Uncials Used: Codex V (e, 9th cent), Cod. M Paul (10th c.)
Gospels: 1 (10th), 2 (15th), 83 (11th), 84 (12th)
85 (13th), 86 (10th), 97 (15th), 101 (16th)
Acts: 45 (15th), 46 (11th)
Paul: 54 (12th), Rev: 80 (12th)
Lectionary (Evst.): 24 (10th)
Bengel encountered some opposition from writers who were offended by his recommended changes to the Received text, but in general his work was widely appreciated and commended. This is due partly to Bengel's prudent decision not to cause needless offense by introducing the changes into the text itself.
It should also be noticed that Bengel did not recommend the omission of the disputed clause in 1 John 5:7 (see Erasmus 1516 ), but rather defended it; and so he gained the respect of persons who might otherwise have attacked his work. Count Zinzendorf, the patron of the Moravian Brethren, announced that Bengel's text was to be the basis of the German version to be used in their churches; and John Wesley, founder of the Methodist church, also used Bengel's text for his English version (see Wesley 1755 ).
Bengel died in 1752, after having also provided a complete exegetical commentary to his text (see Bengel 1742 ). A manual edition of his text was brought out in 1753, minus the Apparatus Criticus, with revised estimates of the marginal readings. An enlarged and corrected edition of his Apparatus Criticus appeared in 1763, prepared by his son-in-law Philip David Burk (see Burk 1763 ). Beginning with the manual edition of 1776, edited by Bengel's son Ernst, there is included a Tabula quae criseos Bengelianae diversas periodos exhibet, showing all differences between the editions and the readings preferred by Bengel in his Gnomon Novi Testamenti (see Bengel 1742)."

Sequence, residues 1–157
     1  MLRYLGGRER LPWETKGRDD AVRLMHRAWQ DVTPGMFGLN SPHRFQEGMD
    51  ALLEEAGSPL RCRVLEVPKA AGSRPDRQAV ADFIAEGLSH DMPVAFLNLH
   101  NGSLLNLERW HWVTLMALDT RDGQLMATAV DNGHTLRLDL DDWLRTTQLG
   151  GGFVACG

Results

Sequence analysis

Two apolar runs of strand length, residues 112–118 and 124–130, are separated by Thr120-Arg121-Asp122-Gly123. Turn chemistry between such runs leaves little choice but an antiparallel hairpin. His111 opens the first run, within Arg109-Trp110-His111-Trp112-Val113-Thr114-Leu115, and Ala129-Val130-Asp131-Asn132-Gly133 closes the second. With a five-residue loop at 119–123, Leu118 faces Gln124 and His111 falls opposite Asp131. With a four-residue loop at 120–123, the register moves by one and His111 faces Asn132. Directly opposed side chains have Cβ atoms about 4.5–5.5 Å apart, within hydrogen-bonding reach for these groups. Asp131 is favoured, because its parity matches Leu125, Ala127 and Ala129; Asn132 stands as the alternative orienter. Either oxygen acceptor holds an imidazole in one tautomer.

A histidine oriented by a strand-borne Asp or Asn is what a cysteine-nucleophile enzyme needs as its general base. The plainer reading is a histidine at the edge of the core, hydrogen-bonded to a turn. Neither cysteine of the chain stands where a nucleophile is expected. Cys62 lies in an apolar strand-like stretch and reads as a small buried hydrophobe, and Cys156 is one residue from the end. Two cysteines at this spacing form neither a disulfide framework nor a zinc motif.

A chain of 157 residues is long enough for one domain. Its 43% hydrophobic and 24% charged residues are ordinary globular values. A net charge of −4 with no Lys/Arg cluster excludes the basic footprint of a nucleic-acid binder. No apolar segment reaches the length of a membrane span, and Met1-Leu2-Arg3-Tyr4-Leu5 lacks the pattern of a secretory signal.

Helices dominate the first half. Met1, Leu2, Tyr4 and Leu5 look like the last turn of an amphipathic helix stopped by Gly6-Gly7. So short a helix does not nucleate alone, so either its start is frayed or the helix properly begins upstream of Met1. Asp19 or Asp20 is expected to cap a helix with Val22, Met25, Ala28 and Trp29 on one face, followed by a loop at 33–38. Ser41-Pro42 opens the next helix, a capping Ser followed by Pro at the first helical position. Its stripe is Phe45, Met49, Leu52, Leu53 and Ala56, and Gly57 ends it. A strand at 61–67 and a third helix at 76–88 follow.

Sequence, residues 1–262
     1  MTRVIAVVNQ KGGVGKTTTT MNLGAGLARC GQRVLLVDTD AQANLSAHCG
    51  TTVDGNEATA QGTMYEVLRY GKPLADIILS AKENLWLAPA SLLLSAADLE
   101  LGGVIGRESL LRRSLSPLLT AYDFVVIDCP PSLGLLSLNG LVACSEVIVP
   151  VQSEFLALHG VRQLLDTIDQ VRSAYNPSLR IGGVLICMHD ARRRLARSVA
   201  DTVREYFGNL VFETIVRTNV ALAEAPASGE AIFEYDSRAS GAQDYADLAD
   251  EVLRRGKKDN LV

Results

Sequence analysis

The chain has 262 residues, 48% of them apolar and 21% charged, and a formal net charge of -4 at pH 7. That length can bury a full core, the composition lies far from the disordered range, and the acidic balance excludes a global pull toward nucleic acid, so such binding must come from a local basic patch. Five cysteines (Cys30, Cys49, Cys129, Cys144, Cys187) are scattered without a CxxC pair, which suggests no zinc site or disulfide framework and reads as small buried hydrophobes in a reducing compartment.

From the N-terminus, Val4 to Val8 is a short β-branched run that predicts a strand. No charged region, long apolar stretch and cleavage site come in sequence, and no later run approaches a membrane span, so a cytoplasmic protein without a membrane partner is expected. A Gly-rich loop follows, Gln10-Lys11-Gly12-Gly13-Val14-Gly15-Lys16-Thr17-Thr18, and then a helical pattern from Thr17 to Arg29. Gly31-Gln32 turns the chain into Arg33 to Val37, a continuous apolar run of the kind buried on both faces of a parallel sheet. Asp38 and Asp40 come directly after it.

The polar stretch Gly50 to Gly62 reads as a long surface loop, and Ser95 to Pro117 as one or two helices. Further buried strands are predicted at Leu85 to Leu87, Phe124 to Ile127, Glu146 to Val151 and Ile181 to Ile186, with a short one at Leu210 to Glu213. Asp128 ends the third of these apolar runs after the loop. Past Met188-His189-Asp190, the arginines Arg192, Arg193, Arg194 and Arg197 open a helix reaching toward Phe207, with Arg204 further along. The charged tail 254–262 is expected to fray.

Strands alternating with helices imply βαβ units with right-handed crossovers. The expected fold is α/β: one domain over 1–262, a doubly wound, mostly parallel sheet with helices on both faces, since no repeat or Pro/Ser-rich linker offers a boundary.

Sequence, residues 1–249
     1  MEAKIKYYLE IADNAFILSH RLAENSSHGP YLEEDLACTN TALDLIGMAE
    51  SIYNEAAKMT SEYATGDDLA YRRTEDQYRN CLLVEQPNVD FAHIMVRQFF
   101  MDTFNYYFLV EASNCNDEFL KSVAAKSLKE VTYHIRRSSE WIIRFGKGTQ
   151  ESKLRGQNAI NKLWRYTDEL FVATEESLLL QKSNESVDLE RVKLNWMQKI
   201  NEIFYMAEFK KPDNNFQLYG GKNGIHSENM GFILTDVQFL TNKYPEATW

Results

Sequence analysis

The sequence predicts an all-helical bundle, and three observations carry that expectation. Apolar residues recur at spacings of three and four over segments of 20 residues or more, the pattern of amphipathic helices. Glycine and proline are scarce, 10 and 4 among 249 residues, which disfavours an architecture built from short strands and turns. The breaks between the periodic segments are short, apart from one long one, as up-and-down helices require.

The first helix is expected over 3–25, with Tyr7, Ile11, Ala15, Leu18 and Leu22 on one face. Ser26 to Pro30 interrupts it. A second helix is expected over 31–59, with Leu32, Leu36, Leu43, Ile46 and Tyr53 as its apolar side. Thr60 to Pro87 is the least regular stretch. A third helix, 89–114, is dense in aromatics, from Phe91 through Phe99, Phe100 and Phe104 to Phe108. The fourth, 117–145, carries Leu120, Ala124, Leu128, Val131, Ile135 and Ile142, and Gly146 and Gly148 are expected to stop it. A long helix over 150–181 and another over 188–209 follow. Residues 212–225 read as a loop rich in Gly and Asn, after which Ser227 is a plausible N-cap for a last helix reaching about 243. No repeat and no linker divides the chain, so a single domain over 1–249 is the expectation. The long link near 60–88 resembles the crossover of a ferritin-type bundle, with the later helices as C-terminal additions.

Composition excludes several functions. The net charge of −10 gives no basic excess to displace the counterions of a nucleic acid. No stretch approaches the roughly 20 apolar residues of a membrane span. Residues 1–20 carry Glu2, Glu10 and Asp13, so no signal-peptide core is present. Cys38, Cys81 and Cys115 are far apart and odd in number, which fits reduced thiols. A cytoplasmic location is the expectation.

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Bengel, 1742. Johann Albrecht Bengel,
Joannis Bengelii Gnomon Novi Testamenti, in quo, ex nativa Verborum Vi, Simplicitas, Profunditas, Concinnitas, et Salubritas sensuum coelestium, indicatur.
[Johann Albrecht Bengel's Gnomon of the New Testament, in which, from the natural force of the words, the simplicity, depth, harmony, and saving power of the heavenly meanings, is indicated]
Tubingen, 1742; 2nd ed., edited by Ernst Bengel, 1759; 3rd ed., edited by Ernst Bengel, 1773; with notes added by J. Steudal, 1835, and reprinted 1855.
Bengel's Gnomon is an exegetical commentary on the Greek text, written in Latin, which indicates the readings preferred by him at the time it was written. These do not always correspond to the readings preferred in his earlier critical edition (see Bengel 1734).
Bengel's exegesis frequently dwells upon rhetorical aspects of the text, and he especially notices structural parallelisms and figures of speech. The exegetical commentary is also accompanied by text-critical remarks which supplement the textual commentary of his earlier Apparatus Criticus (1734).
In many places it is clear that Bengel's rhetorical analysis has played a large part in his choice of readings, so that the exegetical and critical aspects of the commentary cannot be separated. His treatment of 1 John 5:7-8, in which he defends the authenticity of the disputed Trinitarian clause, is a notable example of this, for he defends the clause quite impressively on rhetorical grounds alone.
Like his text, Bengel's Gnomon was a great success, and was frequently reprinted after his death. John Wesley used it as the basis of his Explanatory Notes upon the New Testament (see Scanlin 1988, pp. 103-4). At length an English translation of the entire work was made: Gnomon of the New Testament by John Albert Bengel, now first translated into English. With original Notes explanatory and illustrative. Revised and edited by Rev. Andrew R. Fausset, M.A., of Trinity College, Dublin (4 vols. Edinburgh: T. & T. Clark, 1857).